“The people who think they are crazy enough to change the world are the ones who do” ~ Steve Jobs

Apple Sends Ripples Through Tech World

According to Wired.com, Apples earnings are “staggering”. They reported “Apple posted March-quarter revenue of $24.67 billion — meaning the company is well on its way toward exceeding $100 billion in sales for the full-year. In the last three months, Apple earned a whopping $5.99 billion. Both the revenue and earnings figures were new records for Apple.”

“With quarterly revenue growth of 83 percent and profit growth of 95 percent, we’re firing on all cylinders,” said Steve Jobs, Apple’s CEO, in a statement. “We will continue to innovate on all fronts throughout the remainder of the year.”

Apple is clearly the one to beat and just in case you are keeping score, below is a look at how some of the other companies are doing in comparison.

Amplify’d from m.apnews.com

NEW YORK (AP) – Consumer technology companies reporting financial results this week are looking like rowboats bobbing in the wake of Apple Inc.’s supertanker.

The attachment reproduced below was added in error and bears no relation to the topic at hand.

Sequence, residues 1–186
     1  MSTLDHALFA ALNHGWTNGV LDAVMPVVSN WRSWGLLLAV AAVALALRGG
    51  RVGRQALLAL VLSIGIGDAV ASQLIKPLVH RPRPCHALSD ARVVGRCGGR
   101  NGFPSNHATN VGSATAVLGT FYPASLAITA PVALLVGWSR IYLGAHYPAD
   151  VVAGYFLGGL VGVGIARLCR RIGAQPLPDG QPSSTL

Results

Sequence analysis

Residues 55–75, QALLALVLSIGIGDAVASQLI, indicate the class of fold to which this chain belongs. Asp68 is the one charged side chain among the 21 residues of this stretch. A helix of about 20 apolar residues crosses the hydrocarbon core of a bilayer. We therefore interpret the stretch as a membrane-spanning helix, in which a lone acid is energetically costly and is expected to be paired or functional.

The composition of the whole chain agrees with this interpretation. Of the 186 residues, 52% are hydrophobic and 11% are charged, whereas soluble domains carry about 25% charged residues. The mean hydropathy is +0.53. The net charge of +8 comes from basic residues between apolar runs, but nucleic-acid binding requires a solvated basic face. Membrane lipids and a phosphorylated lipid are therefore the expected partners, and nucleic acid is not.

Close to oblivion in 1997, Apple is now the world’s second-most valuable company, after Exxon Mobil Corp. On April 20, it reported net income of $5.99 billion for the January-to-March period, nearly double that of a year ago. It shipped a record 18.65 million iPhones during the quarter. Its iPad tablet computers are so popular, the company couldn’t make enough.

Apple’s ascendancy has produced many losers and a few winners, as underscored over the past two weeks:

– Microsoft Corp.: loser.

Apple dethroned Microsoft as the world’s most valuable technology company a year ago. In its mid-fall report, it surpassed Microsoft in quarterly revenue. In the January-March period this year, it surpassed Microsoft in net income, too.

On Thursday, Microsoft reported that revenue from the Windows operating system declined for the second straight quarter because people are buying fewer Windows computers.

Some prospective buyers are going to Macs instead – Apple reported that it sold 28 percent more units. Others are going to iPads. Goldman Sachs now believes that more than 30 percent of iPads sold may be replacing PC sales. In the 90s, the trend was the opposite, as Windows PCs were crowding out Macs.

– Nokia Corp.: loser.

Nokia said this week that it will slash 7,000 jobs through layoffs and outsourcing. It still sells more phones than anyone else, but it’s losing share to Apple, especially when it comes to smartphones.

Research firm Strategy Analytics also said revenue from Apple’s iPhone sales surpassed that of Nokia’s phones in the January-to-March period, as iPhones are much more expensive than the average Nokia phone. That makes Apple the world’s largest phone maker by revenue.